Tracking corporate crimes

Tracking corporate crimes

When I need to keep up with the latest information sources, I can always count on ResearchBuzz‘s Tara Calishain , an expert on new and little-known online databases. And, thanks to Tara, I now have a great new resource to add to my due diligence investigations.

This one caught my eye because it’s difficult to uncover crimes committed by corporations. Court searching can be a shot in the dark for several reasons, including incomplete online records.  Also, many cases are settled before getting to court, and – especially in the case of smaller firms – there’s not much news coverage.

Enter the Corporate Prosecution Registry, which tracks corporate fraud and misconduct. Compiled by professor Brandon L. Garrett and librarian Jon Ashley from the University of Virginia Law School, the Registry tracks “every federal organizational prosecution since 2001, as well as deferred and non-prosecution agreements with organizations since 1990.” The information in this database was gathered from public sources such as federal docket sheets, press releases, prosecutor’s offices, and FOIA requests.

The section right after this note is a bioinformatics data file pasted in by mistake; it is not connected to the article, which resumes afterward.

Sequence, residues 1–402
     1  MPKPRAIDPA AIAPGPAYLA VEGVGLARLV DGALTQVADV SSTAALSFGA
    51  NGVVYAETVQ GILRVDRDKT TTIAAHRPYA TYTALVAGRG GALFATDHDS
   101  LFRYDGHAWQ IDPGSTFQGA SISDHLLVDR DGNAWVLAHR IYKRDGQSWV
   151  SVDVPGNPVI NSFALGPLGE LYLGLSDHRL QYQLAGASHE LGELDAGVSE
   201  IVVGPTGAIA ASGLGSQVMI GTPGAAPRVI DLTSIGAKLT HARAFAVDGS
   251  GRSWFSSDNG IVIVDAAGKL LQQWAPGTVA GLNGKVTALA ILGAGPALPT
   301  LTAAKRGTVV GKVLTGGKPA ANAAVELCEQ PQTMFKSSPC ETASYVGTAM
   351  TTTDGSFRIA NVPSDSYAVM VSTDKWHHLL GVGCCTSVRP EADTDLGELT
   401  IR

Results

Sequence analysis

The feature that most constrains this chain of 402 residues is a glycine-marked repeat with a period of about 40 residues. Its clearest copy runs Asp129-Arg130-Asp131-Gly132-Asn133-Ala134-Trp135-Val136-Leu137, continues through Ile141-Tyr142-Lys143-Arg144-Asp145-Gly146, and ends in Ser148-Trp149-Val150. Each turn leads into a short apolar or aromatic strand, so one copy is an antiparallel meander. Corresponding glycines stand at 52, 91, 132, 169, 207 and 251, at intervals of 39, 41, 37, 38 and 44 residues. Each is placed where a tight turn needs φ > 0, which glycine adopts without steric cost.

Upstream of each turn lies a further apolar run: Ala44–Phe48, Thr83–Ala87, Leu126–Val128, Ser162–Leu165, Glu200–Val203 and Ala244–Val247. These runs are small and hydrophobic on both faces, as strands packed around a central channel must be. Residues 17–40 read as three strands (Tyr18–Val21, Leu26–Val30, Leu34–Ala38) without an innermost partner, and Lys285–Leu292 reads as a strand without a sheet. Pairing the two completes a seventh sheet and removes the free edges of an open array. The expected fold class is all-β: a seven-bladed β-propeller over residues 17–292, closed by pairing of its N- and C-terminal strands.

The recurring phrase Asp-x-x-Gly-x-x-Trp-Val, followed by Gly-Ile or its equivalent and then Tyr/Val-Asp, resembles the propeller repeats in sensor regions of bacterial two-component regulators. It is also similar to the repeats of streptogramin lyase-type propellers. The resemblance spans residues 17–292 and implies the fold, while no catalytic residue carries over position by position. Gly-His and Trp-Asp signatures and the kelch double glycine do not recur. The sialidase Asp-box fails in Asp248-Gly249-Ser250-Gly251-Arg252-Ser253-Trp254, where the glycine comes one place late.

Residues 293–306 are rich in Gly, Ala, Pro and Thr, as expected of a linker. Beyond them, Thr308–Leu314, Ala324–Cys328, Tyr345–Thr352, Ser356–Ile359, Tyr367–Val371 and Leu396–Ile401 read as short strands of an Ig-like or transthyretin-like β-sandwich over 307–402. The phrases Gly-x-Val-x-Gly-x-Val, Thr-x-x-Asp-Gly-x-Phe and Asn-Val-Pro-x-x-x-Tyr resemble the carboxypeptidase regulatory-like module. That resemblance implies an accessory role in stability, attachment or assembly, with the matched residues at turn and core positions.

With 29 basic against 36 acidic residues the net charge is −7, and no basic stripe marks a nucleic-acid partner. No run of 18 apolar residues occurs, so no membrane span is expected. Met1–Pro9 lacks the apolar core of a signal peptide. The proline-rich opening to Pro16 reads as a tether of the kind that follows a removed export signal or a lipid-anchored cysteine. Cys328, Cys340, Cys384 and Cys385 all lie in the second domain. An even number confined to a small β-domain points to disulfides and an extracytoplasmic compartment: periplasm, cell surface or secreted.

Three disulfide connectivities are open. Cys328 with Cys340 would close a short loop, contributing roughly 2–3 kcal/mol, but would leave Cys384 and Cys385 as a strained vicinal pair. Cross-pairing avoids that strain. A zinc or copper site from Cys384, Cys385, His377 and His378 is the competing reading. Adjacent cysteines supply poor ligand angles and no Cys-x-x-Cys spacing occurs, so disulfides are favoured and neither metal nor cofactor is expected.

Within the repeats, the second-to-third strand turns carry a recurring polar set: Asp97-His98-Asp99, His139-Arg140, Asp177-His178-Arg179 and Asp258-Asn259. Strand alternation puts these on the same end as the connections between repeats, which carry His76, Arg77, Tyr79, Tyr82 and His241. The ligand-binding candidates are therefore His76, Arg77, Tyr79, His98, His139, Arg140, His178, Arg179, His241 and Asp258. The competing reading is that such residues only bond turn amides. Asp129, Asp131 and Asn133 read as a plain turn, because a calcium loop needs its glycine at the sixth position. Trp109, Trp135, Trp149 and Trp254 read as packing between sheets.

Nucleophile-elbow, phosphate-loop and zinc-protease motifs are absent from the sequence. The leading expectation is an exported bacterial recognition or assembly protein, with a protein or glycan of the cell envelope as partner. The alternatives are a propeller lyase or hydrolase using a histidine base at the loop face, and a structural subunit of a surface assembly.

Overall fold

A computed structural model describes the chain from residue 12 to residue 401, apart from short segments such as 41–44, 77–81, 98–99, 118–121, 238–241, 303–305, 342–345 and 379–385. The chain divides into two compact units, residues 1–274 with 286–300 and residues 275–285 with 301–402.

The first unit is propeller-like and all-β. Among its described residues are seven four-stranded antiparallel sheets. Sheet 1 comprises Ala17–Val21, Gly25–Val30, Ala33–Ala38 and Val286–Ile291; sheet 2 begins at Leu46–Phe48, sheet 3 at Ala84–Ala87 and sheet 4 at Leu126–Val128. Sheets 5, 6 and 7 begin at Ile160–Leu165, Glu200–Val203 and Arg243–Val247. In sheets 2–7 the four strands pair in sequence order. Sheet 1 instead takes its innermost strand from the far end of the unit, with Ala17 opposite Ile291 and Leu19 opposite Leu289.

There’s an advanced search, and the cases can be sorted in a number of ways. In addition to the case details, you’ll find original documents such as dockets and plea agreements. Find details about just one firm, or create lists of companies prosecuted for particular crimes.

What’s not included? The Registry only provides information about U.S. federal prosecutions, so no state-level or non-U.S. cases. It doesn’t include cases in which convictions were overturned on appeal, indictments were dismissed, or companies were acquitted. Finally, leniency agreements entered through the Antitrust Division’s leniency program are excluded, since these are kept confidential.

Combined with searching news and court records, the Corporate Prosecution Registry can be a valuable tool for company due diligence.

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